>Several weeks ago, I was really flattered when I was asked to review a manuscript, even if it was for a journal that I’ve never heard of. As a grad student, it’s cool that people have even heard of me to put me down as a potential reviewer. I’m very flattered. (I’ve also had other requests in the meantime, though I don’t think I’ll have the spare hours to tackle more reviews – though I’m still flattered!)
Unfortunately, I’m disappointed in the quality of the very first manuscript I’ve ever reviewed. I won’t go into details, however.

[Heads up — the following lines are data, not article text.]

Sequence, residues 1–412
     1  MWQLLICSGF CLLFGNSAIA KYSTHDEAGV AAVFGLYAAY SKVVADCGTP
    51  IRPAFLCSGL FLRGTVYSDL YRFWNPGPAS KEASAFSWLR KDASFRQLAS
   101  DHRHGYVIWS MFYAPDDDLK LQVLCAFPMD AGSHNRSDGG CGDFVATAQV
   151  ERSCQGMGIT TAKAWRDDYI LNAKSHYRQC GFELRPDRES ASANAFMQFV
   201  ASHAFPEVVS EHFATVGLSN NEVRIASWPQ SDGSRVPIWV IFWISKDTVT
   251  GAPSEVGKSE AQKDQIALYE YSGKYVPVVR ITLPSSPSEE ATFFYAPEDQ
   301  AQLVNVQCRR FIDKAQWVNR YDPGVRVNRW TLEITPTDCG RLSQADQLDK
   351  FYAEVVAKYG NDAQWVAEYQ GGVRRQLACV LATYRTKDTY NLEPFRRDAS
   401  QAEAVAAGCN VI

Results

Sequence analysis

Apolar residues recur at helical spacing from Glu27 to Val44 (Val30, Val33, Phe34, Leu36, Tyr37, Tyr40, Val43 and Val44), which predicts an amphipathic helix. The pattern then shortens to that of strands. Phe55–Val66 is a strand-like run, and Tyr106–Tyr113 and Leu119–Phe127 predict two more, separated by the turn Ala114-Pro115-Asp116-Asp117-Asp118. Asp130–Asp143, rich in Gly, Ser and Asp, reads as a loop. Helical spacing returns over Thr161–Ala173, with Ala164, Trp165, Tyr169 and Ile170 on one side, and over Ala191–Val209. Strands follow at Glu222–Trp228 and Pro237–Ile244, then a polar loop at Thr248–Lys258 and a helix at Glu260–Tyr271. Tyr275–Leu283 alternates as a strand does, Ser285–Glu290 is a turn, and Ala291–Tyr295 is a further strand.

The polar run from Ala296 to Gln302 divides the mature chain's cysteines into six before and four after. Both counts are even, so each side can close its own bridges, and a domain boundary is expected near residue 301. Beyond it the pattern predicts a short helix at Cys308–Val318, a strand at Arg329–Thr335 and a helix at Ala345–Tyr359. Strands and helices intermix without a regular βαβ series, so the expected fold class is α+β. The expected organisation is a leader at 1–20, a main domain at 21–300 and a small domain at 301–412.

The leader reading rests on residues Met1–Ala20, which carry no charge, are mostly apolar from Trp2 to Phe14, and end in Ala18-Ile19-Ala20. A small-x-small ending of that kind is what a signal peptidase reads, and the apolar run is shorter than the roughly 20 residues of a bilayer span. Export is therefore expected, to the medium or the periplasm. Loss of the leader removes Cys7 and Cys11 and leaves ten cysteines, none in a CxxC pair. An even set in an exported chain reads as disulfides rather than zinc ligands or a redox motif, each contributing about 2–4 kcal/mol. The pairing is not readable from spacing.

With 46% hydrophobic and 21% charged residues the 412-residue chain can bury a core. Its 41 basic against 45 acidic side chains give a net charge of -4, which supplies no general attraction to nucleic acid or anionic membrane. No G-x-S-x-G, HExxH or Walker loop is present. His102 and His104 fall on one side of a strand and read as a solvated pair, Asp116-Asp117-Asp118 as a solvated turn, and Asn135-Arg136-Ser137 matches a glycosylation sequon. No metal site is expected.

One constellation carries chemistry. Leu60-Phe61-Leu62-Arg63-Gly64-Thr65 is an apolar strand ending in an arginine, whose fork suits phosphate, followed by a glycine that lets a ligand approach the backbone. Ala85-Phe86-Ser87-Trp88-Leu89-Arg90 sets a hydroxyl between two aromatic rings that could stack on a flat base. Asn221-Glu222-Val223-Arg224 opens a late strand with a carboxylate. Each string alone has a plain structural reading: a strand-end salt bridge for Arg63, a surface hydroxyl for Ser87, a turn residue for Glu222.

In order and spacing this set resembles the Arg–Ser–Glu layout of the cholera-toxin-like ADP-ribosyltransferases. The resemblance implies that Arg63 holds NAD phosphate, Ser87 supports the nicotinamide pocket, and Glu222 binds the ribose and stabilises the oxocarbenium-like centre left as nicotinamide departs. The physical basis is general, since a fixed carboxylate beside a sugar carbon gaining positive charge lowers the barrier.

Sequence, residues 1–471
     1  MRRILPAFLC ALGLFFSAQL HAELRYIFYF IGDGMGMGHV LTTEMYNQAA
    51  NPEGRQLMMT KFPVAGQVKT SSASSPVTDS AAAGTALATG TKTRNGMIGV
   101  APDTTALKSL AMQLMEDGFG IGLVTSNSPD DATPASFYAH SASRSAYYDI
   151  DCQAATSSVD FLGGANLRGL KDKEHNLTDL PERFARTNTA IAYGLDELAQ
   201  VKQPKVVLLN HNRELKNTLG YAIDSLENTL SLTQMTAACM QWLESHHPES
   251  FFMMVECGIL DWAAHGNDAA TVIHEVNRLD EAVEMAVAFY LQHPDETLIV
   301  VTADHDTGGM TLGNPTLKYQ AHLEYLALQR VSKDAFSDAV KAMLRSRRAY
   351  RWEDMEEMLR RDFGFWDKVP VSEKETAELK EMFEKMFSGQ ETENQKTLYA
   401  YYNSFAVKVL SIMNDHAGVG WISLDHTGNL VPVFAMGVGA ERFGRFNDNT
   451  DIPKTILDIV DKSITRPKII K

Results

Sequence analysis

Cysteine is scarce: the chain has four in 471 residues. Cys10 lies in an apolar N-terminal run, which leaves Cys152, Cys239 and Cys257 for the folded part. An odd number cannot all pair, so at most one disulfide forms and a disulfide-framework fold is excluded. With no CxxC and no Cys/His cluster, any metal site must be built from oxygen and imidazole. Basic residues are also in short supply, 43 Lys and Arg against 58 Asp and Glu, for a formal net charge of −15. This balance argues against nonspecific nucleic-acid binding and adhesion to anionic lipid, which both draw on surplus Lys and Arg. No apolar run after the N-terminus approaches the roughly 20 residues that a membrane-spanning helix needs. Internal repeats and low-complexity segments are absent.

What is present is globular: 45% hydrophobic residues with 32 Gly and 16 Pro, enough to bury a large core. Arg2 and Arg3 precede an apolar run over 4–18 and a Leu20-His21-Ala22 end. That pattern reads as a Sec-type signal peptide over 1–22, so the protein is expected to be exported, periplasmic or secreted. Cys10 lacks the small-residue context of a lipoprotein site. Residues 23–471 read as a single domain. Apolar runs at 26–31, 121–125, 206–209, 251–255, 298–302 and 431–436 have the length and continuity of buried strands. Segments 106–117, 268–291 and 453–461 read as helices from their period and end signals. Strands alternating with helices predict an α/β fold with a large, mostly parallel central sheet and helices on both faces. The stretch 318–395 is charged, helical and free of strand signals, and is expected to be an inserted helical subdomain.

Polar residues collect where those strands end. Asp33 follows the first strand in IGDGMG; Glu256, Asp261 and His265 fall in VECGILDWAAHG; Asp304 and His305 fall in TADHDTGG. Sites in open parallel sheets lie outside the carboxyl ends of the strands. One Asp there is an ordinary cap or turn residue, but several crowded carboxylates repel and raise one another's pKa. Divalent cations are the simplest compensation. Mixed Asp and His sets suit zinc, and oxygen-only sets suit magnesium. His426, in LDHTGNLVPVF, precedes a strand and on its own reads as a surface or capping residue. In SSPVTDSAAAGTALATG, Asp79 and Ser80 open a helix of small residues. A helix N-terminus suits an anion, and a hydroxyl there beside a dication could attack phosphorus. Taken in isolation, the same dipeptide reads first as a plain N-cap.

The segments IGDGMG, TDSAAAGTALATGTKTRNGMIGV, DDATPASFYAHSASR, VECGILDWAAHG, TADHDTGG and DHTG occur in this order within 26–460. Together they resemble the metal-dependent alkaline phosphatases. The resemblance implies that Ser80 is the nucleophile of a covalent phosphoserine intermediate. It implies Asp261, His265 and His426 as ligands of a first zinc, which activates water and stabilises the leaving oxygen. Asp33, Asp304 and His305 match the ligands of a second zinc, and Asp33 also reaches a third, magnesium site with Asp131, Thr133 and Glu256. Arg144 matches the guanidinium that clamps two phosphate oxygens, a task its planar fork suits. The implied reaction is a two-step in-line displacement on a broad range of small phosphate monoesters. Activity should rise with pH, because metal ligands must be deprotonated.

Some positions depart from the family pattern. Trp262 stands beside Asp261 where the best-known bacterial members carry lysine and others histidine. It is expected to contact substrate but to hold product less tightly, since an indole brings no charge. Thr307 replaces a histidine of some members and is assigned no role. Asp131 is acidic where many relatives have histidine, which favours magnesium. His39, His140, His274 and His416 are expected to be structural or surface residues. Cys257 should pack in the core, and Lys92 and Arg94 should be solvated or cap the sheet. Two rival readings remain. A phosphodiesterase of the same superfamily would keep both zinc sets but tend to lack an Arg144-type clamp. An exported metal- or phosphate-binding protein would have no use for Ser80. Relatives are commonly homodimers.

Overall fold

On a completely unrelated topic, and for future reference, I think I’ll provide a few links that may be useful to people who want to submit manuscripts in the future:
- Plagiarism (Wikipedia). Covers what plagiarism is, and the possible consequences of it as a student.
- How to avoid Plagiarism (Purdue). General tips on when and how to give credit to the originators of the idea and source of the material.
- A good discussion on different forms of plagiarism (Andrew Roberts at Middlesex university.) I highly suggest this, if you’re unsure where the grey line between copying and paraphrasing begins.
- If things are still unclear this reference (Irving Hexham at the University of Calgary) provides examples and a demonstrates the correct forms of how to quote and reference other people’s work.